Practical English Usage
English grammar and vocabulary exercises
American and British English: Differences in Vocabulary Part 2
The same word may be used differently in British and American English.
In informal American English, real is often used instead of really before adjectives and adverbs.
Sure is often used to mean certainly in an informal style. This is common in American English.
Slow is used as an adverb in road signs, and informally after go and some other verbs especially in American English.
Examples are: go slow, drive slow.
In British English, any more is usually written as two separate words. In American English, it is often written as one word anymore when it refers to time (= any longer). It usually comes in end position.
Around and about
In British English, around and about are both used to refer to movements or positions that are not very clear or definite: ‘here and there’, ‘in lots of places’, ‘in different parts of’, ‘somewhere in’ and similar ideas.
In American English, about is not used with this meaning. Americans normally use around.
Note that in American English, about is mostly used to mean ‘approximately’.
The names of illnesses are usually uncountable in standard British English. The can be used informally before the names of some common illnesses such as the measles, the flu; others have no article.
The words for some minor ailments are countable: e.g. a cold, a sore throat, a headache. However, toothache, earache, stomach-ache and backache are more often uncountable in British English. In American English, these words are generally countable.
In British English, the is unusual in the titles of the principal public buildings and organisations of a town.
Oxford University (NOT the Oxford University)
In American English, the is more often used in such cases.
The San Diego Zoo
Holiday and holidays
In British English, the plural holidays is often used for the ‘big holiday’ of the year. In other cases, British people normally use the singular holiday.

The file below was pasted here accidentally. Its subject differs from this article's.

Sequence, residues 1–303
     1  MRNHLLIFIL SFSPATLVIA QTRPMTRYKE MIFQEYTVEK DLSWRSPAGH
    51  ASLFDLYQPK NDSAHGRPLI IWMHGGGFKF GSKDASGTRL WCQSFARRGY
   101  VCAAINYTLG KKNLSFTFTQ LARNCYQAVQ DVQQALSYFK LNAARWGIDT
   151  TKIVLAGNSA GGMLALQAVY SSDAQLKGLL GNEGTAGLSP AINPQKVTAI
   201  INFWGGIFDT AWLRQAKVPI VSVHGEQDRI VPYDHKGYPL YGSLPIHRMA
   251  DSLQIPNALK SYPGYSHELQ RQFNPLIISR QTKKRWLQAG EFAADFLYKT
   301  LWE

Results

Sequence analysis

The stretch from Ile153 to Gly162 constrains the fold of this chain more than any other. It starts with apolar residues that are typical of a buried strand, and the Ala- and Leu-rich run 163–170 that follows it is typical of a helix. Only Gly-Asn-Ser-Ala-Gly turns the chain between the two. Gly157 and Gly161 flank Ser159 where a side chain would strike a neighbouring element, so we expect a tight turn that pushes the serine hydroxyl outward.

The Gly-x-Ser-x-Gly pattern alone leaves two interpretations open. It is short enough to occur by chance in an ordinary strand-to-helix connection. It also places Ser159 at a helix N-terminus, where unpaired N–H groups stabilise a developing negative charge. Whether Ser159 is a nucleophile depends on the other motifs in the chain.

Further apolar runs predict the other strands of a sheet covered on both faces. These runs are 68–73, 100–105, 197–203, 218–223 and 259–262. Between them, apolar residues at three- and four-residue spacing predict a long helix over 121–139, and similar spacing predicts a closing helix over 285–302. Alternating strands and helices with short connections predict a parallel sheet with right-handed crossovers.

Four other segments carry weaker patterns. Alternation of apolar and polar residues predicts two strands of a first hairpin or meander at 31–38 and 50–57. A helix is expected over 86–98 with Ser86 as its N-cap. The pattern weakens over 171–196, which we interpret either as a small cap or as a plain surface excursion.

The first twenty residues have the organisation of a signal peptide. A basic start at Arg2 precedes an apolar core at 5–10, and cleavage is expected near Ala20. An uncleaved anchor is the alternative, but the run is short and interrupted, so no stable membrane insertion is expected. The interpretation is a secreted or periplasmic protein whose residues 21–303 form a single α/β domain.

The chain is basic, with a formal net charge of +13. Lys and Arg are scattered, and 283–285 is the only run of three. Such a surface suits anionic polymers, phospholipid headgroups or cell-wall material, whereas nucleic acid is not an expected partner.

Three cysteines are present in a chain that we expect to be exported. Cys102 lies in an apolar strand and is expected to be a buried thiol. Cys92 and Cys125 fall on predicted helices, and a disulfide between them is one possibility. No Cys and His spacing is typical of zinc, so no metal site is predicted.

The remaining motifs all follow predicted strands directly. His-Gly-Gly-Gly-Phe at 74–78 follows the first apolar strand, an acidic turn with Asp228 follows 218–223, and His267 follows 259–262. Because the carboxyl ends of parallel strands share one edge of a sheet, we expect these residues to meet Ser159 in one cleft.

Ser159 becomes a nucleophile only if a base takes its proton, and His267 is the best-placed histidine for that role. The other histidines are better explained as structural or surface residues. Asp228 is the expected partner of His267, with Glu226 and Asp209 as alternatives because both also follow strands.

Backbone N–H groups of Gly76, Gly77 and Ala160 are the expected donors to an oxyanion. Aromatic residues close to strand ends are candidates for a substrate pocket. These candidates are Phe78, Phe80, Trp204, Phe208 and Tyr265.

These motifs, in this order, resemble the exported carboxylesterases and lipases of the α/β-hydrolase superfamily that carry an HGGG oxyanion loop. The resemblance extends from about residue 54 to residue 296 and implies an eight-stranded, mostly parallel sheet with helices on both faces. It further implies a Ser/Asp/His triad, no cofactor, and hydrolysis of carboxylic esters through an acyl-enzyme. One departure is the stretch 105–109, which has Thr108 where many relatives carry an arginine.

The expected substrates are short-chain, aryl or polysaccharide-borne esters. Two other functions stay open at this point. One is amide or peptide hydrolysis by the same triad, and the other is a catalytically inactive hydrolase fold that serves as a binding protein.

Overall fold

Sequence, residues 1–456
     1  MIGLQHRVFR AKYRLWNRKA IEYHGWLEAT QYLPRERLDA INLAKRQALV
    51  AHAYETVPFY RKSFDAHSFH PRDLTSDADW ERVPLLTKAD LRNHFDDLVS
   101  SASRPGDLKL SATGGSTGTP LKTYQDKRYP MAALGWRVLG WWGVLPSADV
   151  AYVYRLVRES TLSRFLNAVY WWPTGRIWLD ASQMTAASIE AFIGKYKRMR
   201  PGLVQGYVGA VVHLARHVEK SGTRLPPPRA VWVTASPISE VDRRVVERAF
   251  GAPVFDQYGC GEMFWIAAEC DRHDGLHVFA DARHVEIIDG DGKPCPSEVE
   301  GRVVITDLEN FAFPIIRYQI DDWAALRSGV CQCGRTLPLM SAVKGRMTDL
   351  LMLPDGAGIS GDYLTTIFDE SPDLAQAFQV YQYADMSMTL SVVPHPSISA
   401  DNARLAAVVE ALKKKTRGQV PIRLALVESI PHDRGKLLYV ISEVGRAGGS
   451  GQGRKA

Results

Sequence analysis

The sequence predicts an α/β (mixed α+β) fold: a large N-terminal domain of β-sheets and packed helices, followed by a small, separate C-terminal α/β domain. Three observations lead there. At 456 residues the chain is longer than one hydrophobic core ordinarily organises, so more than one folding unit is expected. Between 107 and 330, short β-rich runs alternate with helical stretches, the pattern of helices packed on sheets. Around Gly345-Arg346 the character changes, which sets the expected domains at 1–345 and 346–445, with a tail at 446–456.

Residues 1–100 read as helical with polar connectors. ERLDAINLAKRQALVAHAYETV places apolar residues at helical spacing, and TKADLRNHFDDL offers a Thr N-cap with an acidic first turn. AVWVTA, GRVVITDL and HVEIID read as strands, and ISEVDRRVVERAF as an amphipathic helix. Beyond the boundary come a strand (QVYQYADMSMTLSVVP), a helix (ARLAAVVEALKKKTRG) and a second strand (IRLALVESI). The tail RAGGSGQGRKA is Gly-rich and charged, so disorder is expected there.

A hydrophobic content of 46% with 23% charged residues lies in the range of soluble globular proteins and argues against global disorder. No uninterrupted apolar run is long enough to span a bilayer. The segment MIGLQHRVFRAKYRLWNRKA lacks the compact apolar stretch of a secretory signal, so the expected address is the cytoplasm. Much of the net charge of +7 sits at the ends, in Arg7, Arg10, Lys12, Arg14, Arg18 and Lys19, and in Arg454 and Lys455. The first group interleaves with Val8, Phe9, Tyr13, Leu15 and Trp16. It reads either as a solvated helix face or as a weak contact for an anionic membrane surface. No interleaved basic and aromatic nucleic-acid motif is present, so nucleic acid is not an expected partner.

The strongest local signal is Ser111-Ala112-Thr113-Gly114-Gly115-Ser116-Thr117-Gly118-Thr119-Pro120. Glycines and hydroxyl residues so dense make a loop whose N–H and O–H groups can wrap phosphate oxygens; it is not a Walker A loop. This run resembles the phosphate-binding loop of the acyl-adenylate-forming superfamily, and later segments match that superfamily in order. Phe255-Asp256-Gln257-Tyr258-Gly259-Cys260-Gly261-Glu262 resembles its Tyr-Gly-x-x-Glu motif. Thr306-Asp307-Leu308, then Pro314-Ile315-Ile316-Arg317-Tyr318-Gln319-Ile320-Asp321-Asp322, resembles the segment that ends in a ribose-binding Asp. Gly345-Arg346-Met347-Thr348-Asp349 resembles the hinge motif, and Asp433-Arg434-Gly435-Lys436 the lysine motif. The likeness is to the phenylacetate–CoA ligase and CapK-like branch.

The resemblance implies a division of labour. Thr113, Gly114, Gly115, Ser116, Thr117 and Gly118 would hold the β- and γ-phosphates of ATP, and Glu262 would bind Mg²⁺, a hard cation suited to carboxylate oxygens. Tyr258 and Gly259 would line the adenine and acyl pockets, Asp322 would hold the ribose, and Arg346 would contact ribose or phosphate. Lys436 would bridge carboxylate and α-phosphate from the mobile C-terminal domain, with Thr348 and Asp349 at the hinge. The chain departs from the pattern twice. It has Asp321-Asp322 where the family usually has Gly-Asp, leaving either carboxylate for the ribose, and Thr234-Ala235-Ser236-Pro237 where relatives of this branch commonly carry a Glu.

Americans normally use the word vacation. In British English, vacation is mainly used for the periods when universities are not teaching. Holiday is used in American English for a day of publicly observed celebration whether or not people work on it.
Ill and sick
Ill is often used to mean ‘unwell’ in British English. In American English, ill is unusual except in a formal style. Ill is most common in predicative position.
In attributive position many British people prefer to use sick. Sick is also the normal informal American word for ‘unwell’.
In British English, both active and passive forms of drown can be used to talk about accidental drowning.
In American English, only active forms are used to talk about accidental drowning.
Awake and awaken
The verbs awake and awaken are irregular in British English, but can be regular in American English.
Awake – awoke – awoken (GB/US)
Awaken is regular in both British and American English.
Awaken – awakened – awakened (GB/US)
Bath and bathe
In British English, the verb bath is used to mean ‘wash oneself in a bath tub’.
The verb bath is not normally used in American English. In an informal style, we usually say have a bath (GB) or take a bath (British and American).
In British English, bathe can mean ‘swim for pleasure’. In American English, bathe is commonly used to mean ‘take a bath’.
Sections in this articleAmerican and British English: differences in grammar - I
American and British English: differences in grammar - II
American and British English: differences in vocabulary - I
American and British English: differences in vocabulary - II
American and British English: differences in vocabulary - III
American and British English: differences in usage - I
American and British English: differences in usage - II
American and British English: differences in spelling
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